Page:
Scrub typhus fever is fast spreading from rural areas to urban regions
SCRUB typhus fever, once prevalent only in rural areas of the country, has been reported from some areas of Delhi. Since June, more than 1,000 cases were reported across Himachal Pradesh. Of these, about a dozen succumbed.
Scrub typhus fever, transmitted by a mite found in scrubs, can become fatal if left untreated.
There is no data on the number people affected by the disease because of the absence of a mechanism to record it. However, doctors in cities have expressed surprise over occurrence of a rural disease in urban areas.
Sanjay Mahajan, assistant professor of medicine at the department of Indira Gandhi Medical College, working on spread of the disease in Himalayan areas, says in the past decade 16 states have reported scrub typhus fever. These are—Jammu and Kashmir, Himachal Pradesh, Rajasthan, Haryana, Maharashtra, Karnataka, Andhra Pradesh, Kerala, Tamil Nadu, Puducherry, West Bengal, Sikkim, Uttarakhand, Assam, Arunachal Pradesh and Nagaland.
Between February 2011 and January 2012 at least 65 patients were admitted to hospitals in Puducherry, states a study by S Viswanathan and his team at the department of general medicine, Indira Gandhi Medical College, Puducherry. The study was published in Plos One this year.
The whys and wherefores
Scrub typhus is transmitted by the mite Leptotrombidium deliense, which inhabits sharply demarcated areas in the soil, where the micro ecosystem is favourable. When human beings tresspass the area, mite larvae, or chiggers, attack them, transferring the pathogen Orientia tsutsugamushi, and leaving characteristic spots like those by cigarette burns, on the body. Symptoms of the disease are fever, severe headache, rash, cough, sore throat and abdominal pain.
Scrub typhus fever usually occurs in mammals, particularly field mice and rodents.
Health experts say the fatal fever may be spreading to city areas such as Delhi because of human beings’ encroachment of mites’ demarcated areas. “In the last few years, rapid deforestation has taken place, increasing chances of growth of scrub grass required for mites to lay eggs,” says Mahajan. “Now people have more resources and move around in hilly areas during vacations or for picnics. This may be a reason why city people are coming in contact with mite,” he adds.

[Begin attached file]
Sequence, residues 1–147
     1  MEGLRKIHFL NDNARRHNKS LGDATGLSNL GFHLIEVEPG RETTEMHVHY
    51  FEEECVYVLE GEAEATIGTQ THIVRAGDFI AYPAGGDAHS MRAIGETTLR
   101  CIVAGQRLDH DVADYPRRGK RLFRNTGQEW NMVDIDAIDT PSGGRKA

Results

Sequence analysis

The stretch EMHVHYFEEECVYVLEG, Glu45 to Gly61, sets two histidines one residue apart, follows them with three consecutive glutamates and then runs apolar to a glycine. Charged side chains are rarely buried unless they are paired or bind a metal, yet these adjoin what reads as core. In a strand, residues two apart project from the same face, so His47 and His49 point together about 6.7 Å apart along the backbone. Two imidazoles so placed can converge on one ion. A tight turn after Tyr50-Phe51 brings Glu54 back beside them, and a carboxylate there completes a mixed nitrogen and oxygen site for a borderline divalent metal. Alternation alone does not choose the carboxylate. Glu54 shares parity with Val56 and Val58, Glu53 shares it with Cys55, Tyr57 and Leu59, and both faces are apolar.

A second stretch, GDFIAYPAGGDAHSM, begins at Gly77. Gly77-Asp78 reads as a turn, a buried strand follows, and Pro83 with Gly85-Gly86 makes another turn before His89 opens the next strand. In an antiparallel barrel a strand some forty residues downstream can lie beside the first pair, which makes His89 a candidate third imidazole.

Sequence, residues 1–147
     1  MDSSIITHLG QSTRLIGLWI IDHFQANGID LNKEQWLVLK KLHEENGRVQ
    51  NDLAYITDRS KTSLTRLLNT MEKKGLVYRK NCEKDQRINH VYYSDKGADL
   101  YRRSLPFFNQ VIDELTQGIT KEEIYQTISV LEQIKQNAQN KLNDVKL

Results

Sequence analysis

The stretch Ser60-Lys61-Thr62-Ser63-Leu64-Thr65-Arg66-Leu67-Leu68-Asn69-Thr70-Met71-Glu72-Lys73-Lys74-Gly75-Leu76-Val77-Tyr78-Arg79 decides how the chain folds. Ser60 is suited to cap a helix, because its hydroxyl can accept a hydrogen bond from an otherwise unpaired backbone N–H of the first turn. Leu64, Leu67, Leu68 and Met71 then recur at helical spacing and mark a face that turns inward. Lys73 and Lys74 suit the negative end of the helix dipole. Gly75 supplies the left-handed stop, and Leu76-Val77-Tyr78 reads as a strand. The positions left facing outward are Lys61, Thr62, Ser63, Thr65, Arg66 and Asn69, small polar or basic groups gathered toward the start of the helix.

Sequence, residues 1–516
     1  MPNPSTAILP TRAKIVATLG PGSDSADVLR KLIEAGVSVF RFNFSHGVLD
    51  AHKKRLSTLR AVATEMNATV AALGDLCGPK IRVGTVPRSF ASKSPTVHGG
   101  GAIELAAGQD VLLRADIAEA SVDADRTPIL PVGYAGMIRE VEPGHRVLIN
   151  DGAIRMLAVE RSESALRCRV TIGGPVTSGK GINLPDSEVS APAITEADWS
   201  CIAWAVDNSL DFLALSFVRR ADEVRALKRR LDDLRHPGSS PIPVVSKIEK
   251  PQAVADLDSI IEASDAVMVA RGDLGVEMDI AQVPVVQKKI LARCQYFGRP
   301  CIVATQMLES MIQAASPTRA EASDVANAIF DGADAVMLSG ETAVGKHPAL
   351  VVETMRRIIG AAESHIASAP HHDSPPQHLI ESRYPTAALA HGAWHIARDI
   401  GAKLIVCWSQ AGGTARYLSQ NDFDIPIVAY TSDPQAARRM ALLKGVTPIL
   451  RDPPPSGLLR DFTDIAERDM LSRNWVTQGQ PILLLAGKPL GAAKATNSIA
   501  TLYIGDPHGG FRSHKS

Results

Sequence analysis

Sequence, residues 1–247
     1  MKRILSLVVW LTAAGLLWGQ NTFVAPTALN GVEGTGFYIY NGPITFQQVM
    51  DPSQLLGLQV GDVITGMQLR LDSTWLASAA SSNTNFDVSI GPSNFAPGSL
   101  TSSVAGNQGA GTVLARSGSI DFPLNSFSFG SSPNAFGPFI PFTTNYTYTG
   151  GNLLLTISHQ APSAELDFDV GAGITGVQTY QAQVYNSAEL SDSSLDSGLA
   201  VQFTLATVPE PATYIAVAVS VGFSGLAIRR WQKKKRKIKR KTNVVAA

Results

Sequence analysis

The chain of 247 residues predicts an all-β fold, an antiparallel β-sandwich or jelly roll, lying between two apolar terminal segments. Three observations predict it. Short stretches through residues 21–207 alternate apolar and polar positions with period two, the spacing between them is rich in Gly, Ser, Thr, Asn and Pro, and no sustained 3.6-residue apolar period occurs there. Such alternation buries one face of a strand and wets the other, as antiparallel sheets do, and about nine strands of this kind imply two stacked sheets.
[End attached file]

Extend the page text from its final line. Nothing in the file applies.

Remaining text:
G Varghese of Christian Medical College, who has done pioneering work to understand scrub typhus in the country, says climate change could be a big reason for its occurrence in cities.
Researchers at the department of preventive medicine and public health, School of Medicine, Ajour University, Korea, also established the relation between rising global temperature and scrub typhus. “The incidence of scrub typhus in hyper-endemic region during the outbreak period was related with temperature and humidity during the summer,” the research states. The article was published in 2010 in Journal of Preventive Medicine and Public Health.
According to Varghese, change in the way antibiotics are used could also be a reason for its rise of the disease. Till the 1980s, tetracycline and chloromycetin were the main antibiotics used for various types of fevers, Mahajan explains. With the introduction of newer antibiotics, such as cephalosporins and betalactam, which have fewer side-effects but are not effective in scrub typhus fever, there was a resurgence of scrub typhus. Doctors should treat patients using presumptive treatment just like in malaria, instead of waiting for expensive diagnostic results, he says.
Increasing awareness can reduce the morbidity and mortality in the country, says Prashant Kumar, joint director, health department, Rajasthan. Last year, 40 cases were reported in the state, the maximum being from Alwar district. However, no case has been reported this year so far. “We are taking precautions to prevent the disease. We have told health workers, who move from door to door, to keep a close eye on fever cases and report it,” he says.
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